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Attack highlights urgent need for driver training

Appalling attack highlights urgent need for driver training

The Human Rights Commission says an appalling attack on a 14 year old vision-impaired boy attempting to use a Wellington bus on Monday night highlights the urgent need for transport companies to provide disability awareness training for drivers.

It also graphically illustratres why the Commission's Inquiry into Accessible Public Land Transport recommends that disabilty awareness and competence training be a mandatory requirement for a 'P' endorsed driver's licence for bus and taxi drivers.

Police reports say that the boy was punched twice by a passenger on the bus after the driver refused to accept his bus pass showing that he was blind. The assailant then returned to his seat on the bus and the vehicle drove on.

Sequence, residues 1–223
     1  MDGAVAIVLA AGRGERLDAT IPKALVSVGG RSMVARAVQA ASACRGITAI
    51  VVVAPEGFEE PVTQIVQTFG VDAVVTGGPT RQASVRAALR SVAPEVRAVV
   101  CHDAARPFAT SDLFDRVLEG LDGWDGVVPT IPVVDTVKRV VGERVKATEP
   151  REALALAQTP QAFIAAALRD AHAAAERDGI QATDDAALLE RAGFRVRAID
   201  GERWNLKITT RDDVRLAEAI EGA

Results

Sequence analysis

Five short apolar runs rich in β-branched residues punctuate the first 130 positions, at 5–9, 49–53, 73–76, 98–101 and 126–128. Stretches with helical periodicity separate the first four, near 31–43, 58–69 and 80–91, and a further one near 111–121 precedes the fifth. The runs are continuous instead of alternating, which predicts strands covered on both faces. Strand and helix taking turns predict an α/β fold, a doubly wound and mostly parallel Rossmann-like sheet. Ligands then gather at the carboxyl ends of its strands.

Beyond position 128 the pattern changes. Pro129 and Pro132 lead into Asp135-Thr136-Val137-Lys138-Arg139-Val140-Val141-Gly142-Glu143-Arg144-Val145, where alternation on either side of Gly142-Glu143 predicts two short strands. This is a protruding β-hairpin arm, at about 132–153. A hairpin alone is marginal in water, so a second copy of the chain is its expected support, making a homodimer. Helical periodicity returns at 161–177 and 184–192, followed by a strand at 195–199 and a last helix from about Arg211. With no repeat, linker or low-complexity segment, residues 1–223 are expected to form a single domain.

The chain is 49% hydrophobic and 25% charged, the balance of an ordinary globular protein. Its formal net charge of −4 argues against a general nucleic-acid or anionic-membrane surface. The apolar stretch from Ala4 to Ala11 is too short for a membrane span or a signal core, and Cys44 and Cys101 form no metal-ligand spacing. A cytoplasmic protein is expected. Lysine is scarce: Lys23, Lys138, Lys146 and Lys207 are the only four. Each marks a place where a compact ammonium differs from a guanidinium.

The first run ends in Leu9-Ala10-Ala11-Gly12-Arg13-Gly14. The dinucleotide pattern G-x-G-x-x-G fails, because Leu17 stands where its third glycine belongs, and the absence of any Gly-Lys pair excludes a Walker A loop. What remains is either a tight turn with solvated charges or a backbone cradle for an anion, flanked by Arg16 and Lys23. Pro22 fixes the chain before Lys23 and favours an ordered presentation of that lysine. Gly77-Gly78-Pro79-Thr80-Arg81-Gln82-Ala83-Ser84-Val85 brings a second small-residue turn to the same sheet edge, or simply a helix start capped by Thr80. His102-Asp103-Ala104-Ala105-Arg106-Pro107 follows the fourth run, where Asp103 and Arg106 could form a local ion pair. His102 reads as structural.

Chief Human Rights Commissioner Rosslyn Noonan says the attack and the events leading up to it are further evidence that public transport providers must act immediately to introduce the training for drivers and other frontline staff.

“It is important that transport providers take immediate steps to ensure their drivers are properly trained so that disabled people are treated with the same respect as other passengers ,” Ms Noonan says.

“The way a driver deals with a disabled person can also have an impact on the way other bus patrons treat disabled people.”

“During the Inquiry we found that many disabled people were fearful of using the bus because of bullying by other public transport users. This was particularly prevalent against people with intellectual and psychiatric disabilities,” Ms Noonan says.

The report of the Inquiry into Accessible Public Land Transport for people with disabilities was released by the Human Rights Commission last Wednesday (26 October).

The Inquiry, which began in September 2003, was prompted by the experiences of diabled people who came to the Commission, seeking enforcement of their right not to be discriminated against in the provision of public transport. The Inquiry considered the need for changes to legislation, regulations, policies and procedures and funding arrangements.

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